The prevalence of zoonotic tick-borne pathogens in ixodes scapularis collected in the hudson valley, new york state

Matthew T. Aliota, Alan P. Dupuis, Michael P. Wilczek, Ryan J. Peters, Richard S. Ostfeld, Laura D. Kramer

Research output: Contribution to journalArticlepeer-review

37 Scopus citations

Abstract

Ixodes scapularis, the blacklegged tick, is capable of transmitting the pathogens that cause Lyme disease (Borrelia burgdorferi), babesiosis (Babesia microti), anaplasmosis (Anaplasma phagocytophilum), and to a lesser extent Powassan encephalitis (deer tick virus [DTV]). These pathogens represent significant public health problems, but little is known about the occurrence and co-infection prevalence of these pathogens in I. scapularis. Here, we used standard PCR and pathogen-specific primers to estimate the prevalence of infection of A. phagocytophilium, B. burgdorferi, B. microti, and Ehrlichia chaffeensis in questing nymph and adult I. scapularis collected from sites in Putnam and Dutchess counties in southern New York in 2011. To detect DTV infection, cell cultures were observed for the presence of cytopathic effects and positive results were confirmed via real time RT-PCR. In 466 individually sampled adult ticks, B. burgdorferi had the highest prevalence of infection (55%) followed by A. phagocytophilum (18.2%), DTV (3.4%), B. microti (3.2%), and E. chaffeensis (1.5%). Infection with two pathogens occurred in 13.3% of ticks, and 10 ticks were infected with three combinations of three pathogens. These results provide an estimate of the rate of co-infection, which then can help inform the epidemiological risk of contracting multiple zoonotic tick-borne pathogens within the Hudson Valley region of New York State.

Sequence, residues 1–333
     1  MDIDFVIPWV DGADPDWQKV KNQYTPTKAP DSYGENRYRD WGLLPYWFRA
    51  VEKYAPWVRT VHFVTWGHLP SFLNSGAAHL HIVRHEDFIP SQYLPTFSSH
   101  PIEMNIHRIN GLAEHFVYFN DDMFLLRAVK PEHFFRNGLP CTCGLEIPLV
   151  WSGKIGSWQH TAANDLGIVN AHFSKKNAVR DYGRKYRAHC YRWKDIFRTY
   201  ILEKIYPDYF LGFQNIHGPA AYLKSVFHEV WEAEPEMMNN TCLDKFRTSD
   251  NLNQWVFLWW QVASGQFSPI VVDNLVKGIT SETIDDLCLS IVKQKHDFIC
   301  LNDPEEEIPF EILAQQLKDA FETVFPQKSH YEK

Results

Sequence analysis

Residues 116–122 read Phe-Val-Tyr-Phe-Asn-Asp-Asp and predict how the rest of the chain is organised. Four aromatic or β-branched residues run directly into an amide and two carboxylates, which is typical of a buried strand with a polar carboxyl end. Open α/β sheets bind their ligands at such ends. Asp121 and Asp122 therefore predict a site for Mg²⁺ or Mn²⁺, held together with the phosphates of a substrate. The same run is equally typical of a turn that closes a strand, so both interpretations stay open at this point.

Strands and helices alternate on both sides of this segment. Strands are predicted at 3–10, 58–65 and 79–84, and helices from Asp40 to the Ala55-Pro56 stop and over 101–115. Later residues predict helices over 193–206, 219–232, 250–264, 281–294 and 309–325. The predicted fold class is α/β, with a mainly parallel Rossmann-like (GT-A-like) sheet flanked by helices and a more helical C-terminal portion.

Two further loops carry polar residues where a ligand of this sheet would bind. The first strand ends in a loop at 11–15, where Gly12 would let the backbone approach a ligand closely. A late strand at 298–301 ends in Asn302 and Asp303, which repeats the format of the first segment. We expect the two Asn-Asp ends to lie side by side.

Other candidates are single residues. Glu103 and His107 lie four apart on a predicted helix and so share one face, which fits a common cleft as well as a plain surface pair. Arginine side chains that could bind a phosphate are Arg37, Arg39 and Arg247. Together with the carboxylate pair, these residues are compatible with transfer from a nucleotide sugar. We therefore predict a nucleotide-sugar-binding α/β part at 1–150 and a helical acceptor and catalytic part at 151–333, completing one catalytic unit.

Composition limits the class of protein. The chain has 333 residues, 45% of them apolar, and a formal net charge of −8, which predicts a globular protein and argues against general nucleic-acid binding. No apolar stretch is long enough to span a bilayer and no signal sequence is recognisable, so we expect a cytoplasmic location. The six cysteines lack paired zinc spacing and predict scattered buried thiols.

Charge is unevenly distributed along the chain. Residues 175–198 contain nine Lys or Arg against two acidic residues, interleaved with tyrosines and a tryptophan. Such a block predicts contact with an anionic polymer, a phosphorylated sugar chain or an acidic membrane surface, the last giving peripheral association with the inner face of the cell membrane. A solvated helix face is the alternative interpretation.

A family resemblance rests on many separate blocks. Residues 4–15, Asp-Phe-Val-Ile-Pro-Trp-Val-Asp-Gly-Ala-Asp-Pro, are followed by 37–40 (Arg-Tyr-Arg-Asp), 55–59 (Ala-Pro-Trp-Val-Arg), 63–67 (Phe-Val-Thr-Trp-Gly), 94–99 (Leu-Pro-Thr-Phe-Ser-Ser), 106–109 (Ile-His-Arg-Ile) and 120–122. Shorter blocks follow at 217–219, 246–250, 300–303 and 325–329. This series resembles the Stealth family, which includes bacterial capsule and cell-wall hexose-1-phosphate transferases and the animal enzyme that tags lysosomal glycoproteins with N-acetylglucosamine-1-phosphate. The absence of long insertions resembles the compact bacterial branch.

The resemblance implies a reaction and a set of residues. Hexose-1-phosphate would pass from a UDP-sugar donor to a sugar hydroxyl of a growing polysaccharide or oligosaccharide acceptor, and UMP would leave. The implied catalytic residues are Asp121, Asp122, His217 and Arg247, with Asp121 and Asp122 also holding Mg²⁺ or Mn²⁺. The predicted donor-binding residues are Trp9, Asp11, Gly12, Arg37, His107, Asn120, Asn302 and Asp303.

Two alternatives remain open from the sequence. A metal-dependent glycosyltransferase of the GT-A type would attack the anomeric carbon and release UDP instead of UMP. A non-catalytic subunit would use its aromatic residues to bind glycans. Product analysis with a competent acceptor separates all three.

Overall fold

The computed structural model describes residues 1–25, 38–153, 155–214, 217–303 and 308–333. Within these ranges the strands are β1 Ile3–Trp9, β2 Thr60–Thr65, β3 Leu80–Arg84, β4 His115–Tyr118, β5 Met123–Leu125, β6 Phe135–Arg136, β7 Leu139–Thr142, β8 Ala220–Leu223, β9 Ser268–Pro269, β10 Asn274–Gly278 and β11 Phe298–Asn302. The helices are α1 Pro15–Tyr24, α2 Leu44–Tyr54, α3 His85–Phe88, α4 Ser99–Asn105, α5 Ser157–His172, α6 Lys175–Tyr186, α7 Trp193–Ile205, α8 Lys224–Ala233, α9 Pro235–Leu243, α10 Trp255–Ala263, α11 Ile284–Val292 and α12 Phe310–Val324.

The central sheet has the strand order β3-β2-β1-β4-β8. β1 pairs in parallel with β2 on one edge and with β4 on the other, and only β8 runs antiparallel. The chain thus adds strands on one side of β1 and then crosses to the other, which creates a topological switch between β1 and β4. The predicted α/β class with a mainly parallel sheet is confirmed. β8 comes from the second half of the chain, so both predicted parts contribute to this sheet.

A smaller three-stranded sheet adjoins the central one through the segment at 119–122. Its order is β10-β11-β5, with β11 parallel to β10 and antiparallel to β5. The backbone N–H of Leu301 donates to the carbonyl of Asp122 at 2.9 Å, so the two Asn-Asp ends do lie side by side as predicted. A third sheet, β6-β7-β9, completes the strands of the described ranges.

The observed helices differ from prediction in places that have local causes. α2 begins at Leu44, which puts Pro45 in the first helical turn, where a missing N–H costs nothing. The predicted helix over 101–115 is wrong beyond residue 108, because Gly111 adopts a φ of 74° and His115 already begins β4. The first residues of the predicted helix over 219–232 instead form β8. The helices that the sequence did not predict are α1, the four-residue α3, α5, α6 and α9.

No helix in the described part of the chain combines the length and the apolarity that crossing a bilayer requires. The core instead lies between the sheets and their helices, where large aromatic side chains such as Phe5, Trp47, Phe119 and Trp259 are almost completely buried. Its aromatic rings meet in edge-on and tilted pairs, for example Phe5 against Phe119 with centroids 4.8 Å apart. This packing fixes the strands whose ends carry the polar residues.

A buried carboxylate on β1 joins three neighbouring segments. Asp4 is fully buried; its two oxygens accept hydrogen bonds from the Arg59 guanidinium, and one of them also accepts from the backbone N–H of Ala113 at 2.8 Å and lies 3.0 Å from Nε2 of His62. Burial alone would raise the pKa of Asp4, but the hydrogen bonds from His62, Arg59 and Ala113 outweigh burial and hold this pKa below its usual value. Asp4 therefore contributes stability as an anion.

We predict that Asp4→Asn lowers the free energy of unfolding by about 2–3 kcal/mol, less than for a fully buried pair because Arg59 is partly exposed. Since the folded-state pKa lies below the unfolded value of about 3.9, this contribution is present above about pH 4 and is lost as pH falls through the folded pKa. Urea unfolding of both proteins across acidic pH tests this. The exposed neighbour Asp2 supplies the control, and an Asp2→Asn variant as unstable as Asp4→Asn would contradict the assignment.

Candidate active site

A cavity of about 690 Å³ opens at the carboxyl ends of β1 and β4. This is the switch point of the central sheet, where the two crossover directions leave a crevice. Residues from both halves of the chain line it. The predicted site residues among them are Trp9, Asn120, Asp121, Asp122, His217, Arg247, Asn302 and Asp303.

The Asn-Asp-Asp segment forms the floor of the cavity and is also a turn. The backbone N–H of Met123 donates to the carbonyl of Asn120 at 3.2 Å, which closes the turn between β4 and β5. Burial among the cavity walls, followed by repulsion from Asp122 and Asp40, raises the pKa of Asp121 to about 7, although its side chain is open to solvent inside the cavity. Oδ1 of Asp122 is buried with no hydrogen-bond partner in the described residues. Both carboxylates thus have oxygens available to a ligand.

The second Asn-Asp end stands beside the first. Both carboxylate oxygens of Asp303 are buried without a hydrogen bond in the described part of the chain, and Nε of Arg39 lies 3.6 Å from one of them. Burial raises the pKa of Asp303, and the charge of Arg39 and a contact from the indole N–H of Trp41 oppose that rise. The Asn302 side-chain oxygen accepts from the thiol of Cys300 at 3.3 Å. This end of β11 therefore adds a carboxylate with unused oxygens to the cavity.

Original languageEnglish (US)
Pages (from-to)245-250
Number of pages6
JournalVector-Borne and Zoonotic Diseases
Volume14
Issue number4
DOIs
StatePublished - Apr 1 2014
Externally publishedYes

Keywords

  • Anaplasma phagocytophilum
  • Babesia microti
  • Blacklegged tick
  • Borrelia burgdorferi
  • Co-infection
  • Deer tick virus
  • Ehrlichia chaffeensis
  • Ixodes scapularis
  • Powassan virus

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